DescriptionJohn Rawlsis considered the most important theorist of justice in much of western Europe and the English-speaking world more generally. This volume examines Rawls’s theory of international justice as worked out in his last and perhaps most controversial book, The Law of Peoples. It contains new and stimulating essays, some sympathetic, others critical, written by pre-eminent theorists in the field. These essays situate Rawls’s The Law of Peoples historically and methodologically, and examine all its key ingredients: its thin cosmopolitanism, its doctrine of human rights, its principles of global economic justice, and its normative theory of liberal foreign policy. The book will set the terms of the debate on The Law of Peoples for years to come, thereby shaping the broader debates about global justice.
List of Abbreviations.
Part I: Background and Structure:.
1. Introduction: Rex Martin (University of Kansas) and David Reidy (University of Tennessee).
2. Uniting What Interest Prescribes with What Right Permits: Rawls’s Law of Peoples in Context: David Boucher (Cardiff).
3. Rawls’s Peoples: Philip Pettit (Princeton).
Part II: Cosmopolitanism, Nationalism and Universalism: Questions of Priority and Coherence:.
4. Cultural Imperialism and “Democratic Peace.”: Catherine Audard (LSE, UK).
5. The Problem of Decent Peoples: Kok-Chor Tan (Univ. of Pennsylvania).
6. Why Rawls is Not a Cosmopolitan Egalitarian: Leif Wenar (Sheffield, UK).
Part III: On Human Rights.
7. Human Rights as Moral Claim-Rights: Wilfried Hinsch and Markus Stepanians (Univ. of Saarland, Germany).
8. Rawls’s Narrow Doctrine of Human Rights: Alistair Macleod (Queen’s Univ., Canada).
9. Taking the Human Out of Human Rights: Allen Buchanan (Duke Univ., USA).
10. Political Authority and Human Rights: David Reidy(University of Tennessee).
Part IV: On Global Economic Justice.
11. Collective Responsibility and International Inequality in The Law of Peoples: David Miller (Oxford).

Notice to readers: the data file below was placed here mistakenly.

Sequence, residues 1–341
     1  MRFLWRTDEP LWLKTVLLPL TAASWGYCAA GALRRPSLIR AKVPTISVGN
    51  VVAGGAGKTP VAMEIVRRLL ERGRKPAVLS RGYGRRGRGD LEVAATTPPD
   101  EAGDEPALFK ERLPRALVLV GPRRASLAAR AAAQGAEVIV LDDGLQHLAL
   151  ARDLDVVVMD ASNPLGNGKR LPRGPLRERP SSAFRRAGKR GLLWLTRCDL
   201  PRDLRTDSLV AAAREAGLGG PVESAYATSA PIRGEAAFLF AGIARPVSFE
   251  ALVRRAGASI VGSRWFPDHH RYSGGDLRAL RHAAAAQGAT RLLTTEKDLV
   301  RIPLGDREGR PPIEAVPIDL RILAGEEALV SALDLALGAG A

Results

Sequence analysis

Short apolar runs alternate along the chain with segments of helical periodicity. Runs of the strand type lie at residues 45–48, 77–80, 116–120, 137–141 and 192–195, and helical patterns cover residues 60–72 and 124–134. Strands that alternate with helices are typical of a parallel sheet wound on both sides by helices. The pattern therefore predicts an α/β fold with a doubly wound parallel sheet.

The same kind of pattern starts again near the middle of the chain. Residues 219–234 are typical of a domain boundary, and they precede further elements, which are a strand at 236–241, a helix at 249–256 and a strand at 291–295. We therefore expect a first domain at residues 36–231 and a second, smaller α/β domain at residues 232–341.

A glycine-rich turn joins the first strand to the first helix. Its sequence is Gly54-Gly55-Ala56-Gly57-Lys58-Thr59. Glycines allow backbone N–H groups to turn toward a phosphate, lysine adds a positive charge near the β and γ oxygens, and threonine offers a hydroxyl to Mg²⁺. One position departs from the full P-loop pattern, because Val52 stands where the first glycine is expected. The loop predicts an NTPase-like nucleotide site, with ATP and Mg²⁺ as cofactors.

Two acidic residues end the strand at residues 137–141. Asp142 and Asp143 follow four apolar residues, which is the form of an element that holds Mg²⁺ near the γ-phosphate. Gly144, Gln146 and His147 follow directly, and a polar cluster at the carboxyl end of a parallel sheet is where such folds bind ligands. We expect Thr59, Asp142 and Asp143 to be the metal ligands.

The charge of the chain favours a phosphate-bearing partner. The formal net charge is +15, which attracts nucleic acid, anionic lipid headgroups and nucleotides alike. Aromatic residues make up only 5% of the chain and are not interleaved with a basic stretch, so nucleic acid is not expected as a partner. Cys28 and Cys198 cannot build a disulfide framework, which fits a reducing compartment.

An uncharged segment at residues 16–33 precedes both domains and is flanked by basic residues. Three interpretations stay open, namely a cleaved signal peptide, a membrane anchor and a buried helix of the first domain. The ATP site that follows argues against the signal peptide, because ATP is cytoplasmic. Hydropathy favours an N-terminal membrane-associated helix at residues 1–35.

12. Do Rawls’s Two Theories of Justice Fit Together?: Thomas Pogge (Columbia, USA).
13. Rawls on International Distributive Economic Justice: Taking a Closer Look: Rex Martin (University of Kansas, Lawrence).
14. Distributive Justice and The Law of Peoples: Samuel Freeman (Univ. of Pennsylvania).
Part V: On Liberal Democratic Foreign Policy.
15. Rawls’s Theory of Human Rights in Light of Contemporary Human Rights Law and Practice: Jim Nickel (Arizona State University College of Law).
16. A Human Right to Democracy? Rawls’s Law of Peoples on Governmental Legitimacy and Humanitarian Intervention: Alyssa Bernstein (Ohio Univ).
17. Justice, Stability and Toleration in a Federation of Well-Ordered Peoples: Andreas Follesdal (Univ. of Oslo, Norway).
A Choice Magazine's Outstanding Academic Book for 2006
- A collection of new and stimulating essays on Rawls’s controversial last book, The Law of Peoples.
- Rawls is considered the most important theorist of justice in much of western Europe and the English-speaking world more generally.
- The essays are written by pre-eminent theorists in the field.
- Situates The Law of Peoples historically and methodologically, and examines all its key ingredients.
- Will set the terms of debate on The Law of Peoples for years to come, thereby shaping broader debates about global justice.